Top wood choice: American cherry
January 12, 2009,
Knowing what happens in the finished goods marketplace helps lumber producers in purchasing tracts of timber for future production, said Tom Inman, president of AHMI, in a press release.
The survey is done annually with volunteer crews visiting showrooms to see what woods are used in the bedroom and dining room, wall unit, entertainment and home office categories. The sampling is then measured against previous markets.
In bedroom and dining room, the use of solid woods and veneers was up 7% this year. Just over three-fourths of the bedroom and dining room furniture surveyed at market used an identifiable wood species.
Among the findings:
- American cherry remained the species of choice with more than 12% of the bedroom and dining room furniture.
- American maple doubled its share to 9%, moving into a tie for second with rubberwood, whose use also increased.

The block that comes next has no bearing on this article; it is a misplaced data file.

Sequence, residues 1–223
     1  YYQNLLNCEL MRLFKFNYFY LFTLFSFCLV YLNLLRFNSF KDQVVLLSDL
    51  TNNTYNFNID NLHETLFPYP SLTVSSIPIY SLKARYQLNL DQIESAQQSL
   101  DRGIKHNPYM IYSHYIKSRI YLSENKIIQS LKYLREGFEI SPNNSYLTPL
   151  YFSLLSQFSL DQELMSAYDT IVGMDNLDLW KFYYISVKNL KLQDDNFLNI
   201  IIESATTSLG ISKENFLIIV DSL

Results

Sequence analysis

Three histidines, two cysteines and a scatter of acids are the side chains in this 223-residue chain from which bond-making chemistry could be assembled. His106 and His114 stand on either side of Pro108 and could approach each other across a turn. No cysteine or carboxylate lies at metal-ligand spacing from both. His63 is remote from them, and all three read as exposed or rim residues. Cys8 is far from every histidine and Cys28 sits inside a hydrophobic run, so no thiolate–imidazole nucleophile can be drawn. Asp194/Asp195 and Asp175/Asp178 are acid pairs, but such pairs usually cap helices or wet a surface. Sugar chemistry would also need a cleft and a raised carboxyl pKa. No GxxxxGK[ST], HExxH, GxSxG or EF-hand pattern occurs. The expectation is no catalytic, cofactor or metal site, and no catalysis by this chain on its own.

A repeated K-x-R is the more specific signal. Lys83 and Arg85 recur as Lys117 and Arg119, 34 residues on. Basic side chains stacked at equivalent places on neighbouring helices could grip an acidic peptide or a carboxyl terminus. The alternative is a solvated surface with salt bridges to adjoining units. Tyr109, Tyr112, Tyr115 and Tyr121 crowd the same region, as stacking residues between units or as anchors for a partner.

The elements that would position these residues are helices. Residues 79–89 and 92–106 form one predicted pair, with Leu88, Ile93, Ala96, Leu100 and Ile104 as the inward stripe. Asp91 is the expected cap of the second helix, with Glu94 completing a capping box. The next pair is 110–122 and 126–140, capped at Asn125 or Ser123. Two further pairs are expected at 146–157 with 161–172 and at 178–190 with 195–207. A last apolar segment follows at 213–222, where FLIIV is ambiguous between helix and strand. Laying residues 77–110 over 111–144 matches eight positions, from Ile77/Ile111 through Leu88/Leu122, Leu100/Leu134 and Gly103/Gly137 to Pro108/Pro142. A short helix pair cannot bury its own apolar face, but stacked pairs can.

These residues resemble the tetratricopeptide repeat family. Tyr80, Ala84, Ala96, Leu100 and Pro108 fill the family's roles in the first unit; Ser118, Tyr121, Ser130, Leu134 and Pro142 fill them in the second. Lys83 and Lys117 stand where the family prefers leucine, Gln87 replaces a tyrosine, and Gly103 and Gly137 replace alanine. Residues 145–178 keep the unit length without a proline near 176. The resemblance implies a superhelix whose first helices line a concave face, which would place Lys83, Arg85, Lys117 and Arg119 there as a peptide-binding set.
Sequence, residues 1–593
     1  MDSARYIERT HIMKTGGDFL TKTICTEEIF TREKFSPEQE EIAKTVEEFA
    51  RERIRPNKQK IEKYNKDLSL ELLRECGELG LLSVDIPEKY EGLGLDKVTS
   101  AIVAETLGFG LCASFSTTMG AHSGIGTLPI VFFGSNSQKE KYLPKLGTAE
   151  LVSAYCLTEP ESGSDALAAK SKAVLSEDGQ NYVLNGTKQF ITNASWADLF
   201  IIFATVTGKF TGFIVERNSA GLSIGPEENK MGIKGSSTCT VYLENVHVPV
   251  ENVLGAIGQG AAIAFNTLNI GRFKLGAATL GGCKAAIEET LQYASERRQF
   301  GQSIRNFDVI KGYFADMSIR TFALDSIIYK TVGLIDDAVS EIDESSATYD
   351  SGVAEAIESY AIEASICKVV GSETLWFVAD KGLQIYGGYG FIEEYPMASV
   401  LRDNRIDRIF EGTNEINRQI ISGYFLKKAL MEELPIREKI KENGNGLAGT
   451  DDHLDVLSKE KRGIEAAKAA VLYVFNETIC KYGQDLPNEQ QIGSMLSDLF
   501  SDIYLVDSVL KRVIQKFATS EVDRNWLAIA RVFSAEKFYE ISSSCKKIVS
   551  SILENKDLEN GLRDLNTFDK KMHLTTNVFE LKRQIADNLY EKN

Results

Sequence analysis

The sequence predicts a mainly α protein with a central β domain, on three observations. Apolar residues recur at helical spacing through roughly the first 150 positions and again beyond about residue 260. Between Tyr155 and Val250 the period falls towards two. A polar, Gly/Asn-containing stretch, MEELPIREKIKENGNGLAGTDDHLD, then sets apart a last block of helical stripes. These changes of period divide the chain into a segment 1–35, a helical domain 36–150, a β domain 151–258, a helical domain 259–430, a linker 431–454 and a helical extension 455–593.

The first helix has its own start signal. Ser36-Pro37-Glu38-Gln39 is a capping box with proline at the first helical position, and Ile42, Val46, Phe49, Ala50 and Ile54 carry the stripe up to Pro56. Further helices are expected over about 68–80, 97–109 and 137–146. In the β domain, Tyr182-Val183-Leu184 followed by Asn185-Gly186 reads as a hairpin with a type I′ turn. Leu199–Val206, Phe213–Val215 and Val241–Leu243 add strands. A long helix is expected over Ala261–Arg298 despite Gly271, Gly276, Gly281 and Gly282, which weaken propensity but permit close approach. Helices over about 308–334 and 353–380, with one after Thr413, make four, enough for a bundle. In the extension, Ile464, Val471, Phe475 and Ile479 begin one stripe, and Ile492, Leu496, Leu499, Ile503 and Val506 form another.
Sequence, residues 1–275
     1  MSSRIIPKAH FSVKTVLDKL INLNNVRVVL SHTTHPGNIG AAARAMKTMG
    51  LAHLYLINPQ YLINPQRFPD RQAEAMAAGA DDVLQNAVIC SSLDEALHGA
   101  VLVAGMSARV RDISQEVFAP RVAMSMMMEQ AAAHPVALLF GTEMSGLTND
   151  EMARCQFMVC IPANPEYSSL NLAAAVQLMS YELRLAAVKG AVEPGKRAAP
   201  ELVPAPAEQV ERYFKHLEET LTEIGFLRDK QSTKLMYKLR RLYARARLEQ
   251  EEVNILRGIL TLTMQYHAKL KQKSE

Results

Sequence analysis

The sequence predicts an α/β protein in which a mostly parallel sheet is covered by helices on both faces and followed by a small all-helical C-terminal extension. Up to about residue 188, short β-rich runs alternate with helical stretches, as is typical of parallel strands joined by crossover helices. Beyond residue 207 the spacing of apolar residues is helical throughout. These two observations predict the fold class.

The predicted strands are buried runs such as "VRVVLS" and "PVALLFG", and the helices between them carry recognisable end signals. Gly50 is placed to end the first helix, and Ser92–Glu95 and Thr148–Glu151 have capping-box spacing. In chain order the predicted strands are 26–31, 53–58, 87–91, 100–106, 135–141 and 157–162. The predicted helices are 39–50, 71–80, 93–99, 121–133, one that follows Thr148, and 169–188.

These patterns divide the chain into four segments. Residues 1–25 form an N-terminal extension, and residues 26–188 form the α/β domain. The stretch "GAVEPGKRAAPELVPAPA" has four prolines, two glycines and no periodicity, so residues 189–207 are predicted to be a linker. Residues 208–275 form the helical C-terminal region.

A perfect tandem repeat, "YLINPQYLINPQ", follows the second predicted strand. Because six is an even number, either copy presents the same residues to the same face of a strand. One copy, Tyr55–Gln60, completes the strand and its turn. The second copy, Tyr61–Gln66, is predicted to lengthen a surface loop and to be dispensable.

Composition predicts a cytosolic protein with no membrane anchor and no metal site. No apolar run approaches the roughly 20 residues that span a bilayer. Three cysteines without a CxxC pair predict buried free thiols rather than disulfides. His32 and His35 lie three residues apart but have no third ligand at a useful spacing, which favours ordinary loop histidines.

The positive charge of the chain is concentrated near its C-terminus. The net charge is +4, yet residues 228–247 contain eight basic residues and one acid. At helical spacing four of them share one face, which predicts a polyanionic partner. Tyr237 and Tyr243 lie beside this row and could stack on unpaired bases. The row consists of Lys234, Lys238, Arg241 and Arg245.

- Use of American white oak grew to 7% from 3% a year ago, moving into a tie for fourth with mahogany, which remained flat at 7%.
Most American hardwood species gained in share of use, Inman said. International woods had been on the rise at recent markets but only two species, rubberwood and parawood, were up in 2008.
The survey team could not distinguish the species on about 10% of the wood bedroom and dining room furniture on display because products were painted, printed or covered with overlays or other materials.
That's down from 2007, when 17% of products were painted, printed or covered.
The survey also sorted case goods by style. Traditional styles (American, English, French and Spanish) accounted for 68% of the bedroom and dining room on display, down from 73% in 2007. Contemporary styles (just about everything else) rose to 31% from 26% the previous year.
In the home office, entertainment centers and wall unit categories, cherry was again the dominant species at market and was used on more than 22% of furniture on display, up from 20% in 2007. Red oak was second with 15% and rubberwood was third at 9%.
Maple gained share to 8%, up from 5% in 2007, while white oak ticked upward to 4%.
Contemporary designs made gains in home office, entertainment centers and wall units, rising to 26% from 14% a year earlier. Traditional maintained its dominance in the category at 74%, but that was down from 86% in 2007.
AHMI represents more than 220 hardwood lumber producers and distributors in the Appalachian Mountain region. It has been tracking wood species and style trends at the High Point Market since 1934.